Well there is no need to pretend now. I know that the almighty Internet bullies will still criticize me anyway. However, it doesn’t matter because I can’t be living my life for them. Whether many will like to agree with this or not, I just want them to know that these things happen. People need to hear it. I am actually very frank and that has cost me a lot because people can’t stand my frankness and bluntness; instead they take it for arrogance. If I am upset with you, I’ll tell you instead of avoiding you and you start asking questions. It is good to know what you have done to me so that you can apologize, I will wait for your apology and if I don’t get it, I’ll move on.

Is it difficult to strike a friendship with you?

It is not difficult, only when I see the things that don’t suit me, and if you cannot contribute to anything in my life. When you find out that you keep advising people and they don’t advise you, you keep watching out for people and they don’t watch out for you and they don’t care what happen to you, back out. Over the years, I have learnt to keep my mouth shut where I am not being questioned. I might look very reserved, but the truth is if you have gone through what I have gone through in life, you will not want to have anything to do with a friend.

What are these things you have gone through in life?

I have really gone through many things in my life, it has not been an easy journey, but I thank God I was not broken. Sometimes people make you lose confidence in your self and you just want to give up. So I am really happy for my strength and God. People are annoying and suddenly they are saying things about me, but it is okay, it means I’m doing something great, because if you are not doing anything great, they won’t talk about you. I am okay now; I am now overlooking things that are not important. My mother for example has not had a close friend for the last 20 years, and she tells me it is the best thing for me, but then I didn’t listen, but now I know better.

So what happens after these things?

Well, I forgive but I can’t forget their faces. So there are still people that I see. People that have framed me up severally for things that I have not done, and I didn’t get to hear, and I just noticed that certain people started behaving funny to me, and they didn’t ask me. Eventually after having in mind that Halima is this and that, they will later discover I’m not that kind of person.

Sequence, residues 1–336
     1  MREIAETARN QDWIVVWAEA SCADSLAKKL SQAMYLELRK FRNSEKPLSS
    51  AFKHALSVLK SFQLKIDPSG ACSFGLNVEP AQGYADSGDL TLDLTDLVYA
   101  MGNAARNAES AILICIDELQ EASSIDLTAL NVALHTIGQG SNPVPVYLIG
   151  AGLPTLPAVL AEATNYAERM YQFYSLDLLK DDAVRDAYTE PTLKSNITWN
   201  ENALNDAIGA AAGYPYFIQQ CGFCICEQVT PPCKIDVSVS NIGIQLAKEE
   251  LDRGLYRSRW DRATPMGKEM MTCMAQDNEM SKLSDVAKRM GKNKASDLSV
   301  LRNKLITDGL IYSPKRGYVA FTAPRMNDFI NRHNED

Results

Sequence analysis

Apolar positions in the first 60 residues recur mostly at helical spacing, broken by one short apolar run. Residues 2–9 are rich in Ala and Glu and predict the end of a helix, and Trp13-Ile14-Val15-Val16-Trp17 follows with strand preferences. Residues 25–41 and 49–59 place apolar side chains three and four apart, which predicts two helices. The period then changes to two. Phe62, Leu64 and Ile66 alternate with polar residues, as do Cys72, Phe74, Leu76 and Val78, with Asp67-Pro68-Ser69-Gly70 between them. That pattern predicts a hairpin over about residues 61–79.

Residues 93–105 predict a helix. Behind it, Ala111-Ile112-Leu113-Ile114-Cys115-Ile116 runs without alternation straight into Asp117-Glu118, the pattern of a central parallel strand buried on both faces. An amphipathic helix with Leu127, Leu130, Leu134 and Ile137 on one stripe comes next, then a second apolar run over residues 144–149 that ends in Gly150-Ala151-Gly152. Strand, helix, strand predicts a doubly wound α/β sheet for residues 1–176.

There was a girl that was duping people; I didn’t even know the girl, she was on my BBM at a point, only for me to start hearing this person is your friend, she is always using your picture as her Display Picture and I am like, this girl is a fan, I have never met her before. People would just commit crime and drop their names as your friend. But now things are falling in place, which is vindicating me. Now people are now calling me, Halima I am so sorry for all those times. But when they were attacking me, it was so painful. It has made me realize that people are not what they seem. Maybe because I have a good and clean mind that is why these things are happening to me.

You talked like you have been hurt a lot because of friendship, what is the biggest price you have had to pay for friendship?

I don’t even know right now I just want to be sincere and honest. People will be surprise that Halima is opening up a lot now that is because I am beginning to get a lot comfortable with my self. The truth is that I am not going to take any insult from anyone, so it is better for me not to start something that I won’t finish. My best friend, my family and the one that I love are the only people close to me now. Friendship these days depends on what people can get from you, I have met people that have told me, please introduce me to this person, and that is just because of what they want to gain from that person and I am like are you here to meet these people or for me? People these days don’t have genuine love for one another, they just want opportunity to mess things up for you or get something they want. So I have been used severally, either by a friend or a contact. I have had enough of that.